The reason I mentioned compiling everything is usually in a conversation referring to easy way vs hard way in relation to Linux ends up with a bunch of people saying "compile everything! gentoo ftw!" and others saying "I don't want to compile everything to use OpenOffice"... I figured I'd get in early I guess...

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Hmm Dragor, heres an exaple of what i think moonlits getting at:

se potete aspettare questo, allora thats grandi, ma al contrario im che dimostra il mio punto. Capite?

Seein that can you answer the question? If the answer is no, then thats fine, its because you dont know the language, and u wouldnt be expected to understand it, though with a little learning, its easy to pick up n go with. This is how linux is for new comers, its not something, that just by lookin at for the first time you will understand.

To learn, you start small, then add on as the user advances, such as most programs first program is gonna be "hello world" and not doom.

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So when do you guys think a new linux user ready to configure grub?

Maybe im just special, but it didnt take me long when i was i new to linux to configure grub, come on its just a simple text file (with comments everywhere).

If you do give it a go bmanice and get lost i am happy to help, and you've already stated a thread about it.

I figured I'd get in early I guess...
Yea, fair call, but i think gentoo and configuring grub are QUITE different.
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Basically, to give this thread a rest, my point was that not everyone wants to jump in configuring GRUB just to see what this Linux deally's all about... perhaps that'll come later if they like and continue using Linux. The OP asked how to easily install all three, I provided the easiest answer I knew of. Sure, some people like to go head first in to it, configuring LILO/GRUB, command lining their way through the computing world and all that jazz but not everyone does. I was providing for those who don't.

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I am tri-booting Vista, XP and linux and wondering. I need to format the vista partition and re-install vista, but once I do it will override my lilo config. My current config is:

1st partition 40gb Vista

2nd partition 60    XP

3rd partition 10    Linux

During boot it first boots lilo and asks me for windows or linux then I select windows and it boots the vista bootloader. Is there anyway I can format the vista partition, reinstall and keep my current config or somehow config for tri-boot without re-installing linux. Last 2 times I had to re-install linux after I re-did Vista.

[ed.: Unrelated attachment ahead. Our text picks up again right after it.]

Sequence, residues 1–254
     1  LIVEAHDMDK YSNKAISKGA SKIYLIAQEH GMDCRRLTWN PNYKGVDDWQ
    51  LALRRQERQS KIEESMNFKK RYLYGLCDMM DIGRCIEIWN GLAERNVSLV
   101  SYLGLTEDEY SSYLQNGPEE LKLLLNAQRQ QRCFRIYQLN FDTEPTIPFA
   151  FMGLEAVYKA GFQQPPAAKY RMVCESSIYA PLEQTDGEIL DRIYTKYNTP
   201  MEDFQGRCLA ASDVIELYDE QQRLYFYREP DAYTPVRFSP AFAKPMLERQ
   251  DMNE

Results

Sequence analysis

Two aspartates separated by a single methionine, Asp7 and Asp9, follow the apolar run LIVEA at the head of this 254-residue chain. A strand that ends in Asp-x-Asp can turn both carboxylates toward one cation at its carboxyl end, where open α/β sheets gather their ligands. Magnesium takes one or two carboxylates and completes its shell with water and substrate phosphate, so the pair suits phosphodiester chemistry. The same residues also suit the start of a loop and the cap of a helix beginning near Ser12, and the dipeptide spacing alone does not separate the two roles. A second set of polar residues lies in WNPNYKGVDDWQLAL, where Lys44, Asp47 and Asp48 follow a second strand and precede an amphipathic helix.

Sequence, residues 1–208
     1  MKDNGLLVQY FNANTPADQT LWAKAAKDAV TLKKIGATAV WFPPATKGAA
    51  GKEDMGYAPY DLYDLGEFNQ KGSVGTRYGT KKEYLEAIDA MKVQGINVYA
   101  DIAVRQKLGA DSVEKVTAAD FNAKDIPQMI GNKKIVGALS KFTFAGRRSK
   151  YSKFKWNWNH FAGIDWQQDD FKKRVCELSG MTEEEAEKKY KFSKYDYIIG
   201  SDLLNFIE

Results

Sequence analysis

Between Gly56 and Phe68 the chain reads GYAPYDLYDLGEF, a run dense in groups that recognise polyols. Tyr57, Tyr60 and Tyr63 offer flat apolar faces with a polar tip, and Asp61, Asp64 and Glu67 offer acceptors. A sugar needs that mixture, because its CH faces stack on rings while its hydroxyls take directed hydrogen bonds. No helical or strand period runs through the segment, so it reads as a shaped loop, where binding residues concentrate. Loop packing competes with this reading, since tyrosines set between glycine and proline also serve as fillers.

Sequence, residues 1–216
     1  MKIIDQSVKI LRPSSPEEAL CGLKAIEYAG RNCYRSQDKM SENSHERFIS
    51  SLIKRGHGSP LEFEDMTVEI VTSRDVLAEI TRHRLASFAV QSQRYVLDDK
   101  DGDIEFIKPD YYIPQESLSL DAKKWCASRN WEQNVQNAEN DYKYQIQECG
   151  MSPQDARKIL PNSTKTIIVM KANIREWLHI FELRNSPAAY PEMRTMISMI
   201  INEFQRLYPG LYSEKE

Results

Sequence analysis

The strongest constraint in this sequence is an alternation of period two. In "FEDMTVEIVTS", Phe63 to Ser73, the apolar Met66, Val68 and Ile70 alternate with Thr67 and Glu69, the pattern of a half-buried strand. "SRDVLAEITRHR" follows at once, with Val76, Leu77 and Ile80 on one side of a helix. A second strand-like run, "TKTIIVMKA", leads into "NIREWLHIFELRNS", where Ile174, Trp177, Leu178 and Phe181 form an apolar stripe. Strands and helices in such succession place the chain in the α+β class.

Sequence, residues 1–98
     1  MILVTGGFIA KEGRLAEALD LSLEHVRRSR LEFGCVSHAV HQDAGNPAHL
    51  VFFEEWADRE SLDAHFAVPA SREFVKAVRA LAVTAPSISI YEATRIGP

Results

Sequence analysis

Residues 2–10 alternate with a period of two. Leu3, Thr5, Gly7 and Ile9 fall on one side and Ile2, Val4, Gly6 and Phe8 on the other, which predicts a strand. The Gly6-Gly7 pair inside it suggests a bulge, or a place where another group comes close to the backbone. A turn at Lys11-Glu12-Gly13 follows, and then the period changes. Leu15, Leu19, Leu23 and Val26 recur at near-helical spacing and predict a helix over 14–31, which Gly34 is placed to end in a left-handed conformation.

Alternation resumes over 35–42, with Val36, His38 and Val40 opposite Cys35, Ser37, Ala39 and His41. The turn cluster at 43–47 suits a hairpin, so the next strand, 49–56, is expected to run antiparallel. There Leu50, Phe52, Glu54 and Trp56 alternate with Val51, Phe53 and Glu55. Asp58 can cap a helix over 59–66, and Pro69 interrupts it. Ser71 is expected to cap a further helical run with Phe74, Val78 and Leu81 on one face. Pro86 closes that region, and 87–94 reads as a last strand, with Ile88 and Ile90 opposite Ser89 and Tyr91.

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The Windows install will remove your Lilo/Grub bootloader.

To boot your Linux without your own bootloader, get your hands on a Linux LiveCD. When you boot from it you tend to be greeted by a "Boot:" prompt, allowing you to select the kernel to boot with. You can add a 'root=/dev/hdX1' parameter to the kernel name, and thus boot your current install with the kernel on the LiveCD.

I'm not entirely certain about this, but I think it's also possible to just write the kernel file onto a floppy and then boot from that. Simply 'dd if=/boot/kernel of=/dev/fd0'. You shouldn't even have to configure anything.

Once you're in Linux run '/sbin/lilo' / '/sbin/grub-install' to put the bootloader back in place, and, in case of the Live-CD, reboot so that you know you're working with your own kernel once more.

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Degree in CS, i haven't started that yet and i find editing grub easy.

Anyway shouldn't whatever distro is installed detect both win versions and set it up anyway. Why if it can detect/setup grub for one version of windows would it not repeat the process and do it for the other, there not that different are they?

Edit: and to answer your question moonlit, because its better this why. And why not, its a easy, good learning experience to show noobs what configuring gnu/linux is all about.

Yeah, but that's what *you* think. I completely disagree that to try Linux you need to abide by the ethos and elitism that dogs the open source world. I'm sick of this attitude that if you had to compile it and configure every last minute detail then you must be uber-leet... you're not, it just means you're more patient and like things to run a few milliseconds quicker. Some people don't want or need that, some people just want things to work.